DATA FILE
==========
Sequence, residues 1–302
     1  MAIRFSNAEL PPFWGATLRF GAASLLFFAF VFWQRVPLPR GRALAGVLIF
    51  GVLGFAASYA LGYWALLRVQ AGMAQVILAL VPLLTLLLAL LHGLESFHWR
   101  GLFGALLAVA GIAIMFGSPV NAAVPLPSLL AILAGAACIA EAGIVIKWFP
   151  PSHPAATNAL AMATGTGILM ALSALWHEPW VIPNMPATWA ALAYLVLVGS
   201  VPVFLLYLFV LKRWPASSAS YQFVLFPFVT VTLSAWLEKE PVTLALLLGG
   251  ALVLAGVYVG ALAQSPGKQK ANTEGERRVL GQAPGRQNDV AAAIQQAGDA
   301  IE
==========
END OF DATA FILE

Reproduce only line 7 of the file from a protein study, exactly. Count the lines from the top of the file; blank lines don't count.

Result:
   251  ALVLAGVYVG ALAQSPGKQK ANTEGERRVL GQAPGRQNDV AAAIQQAGDA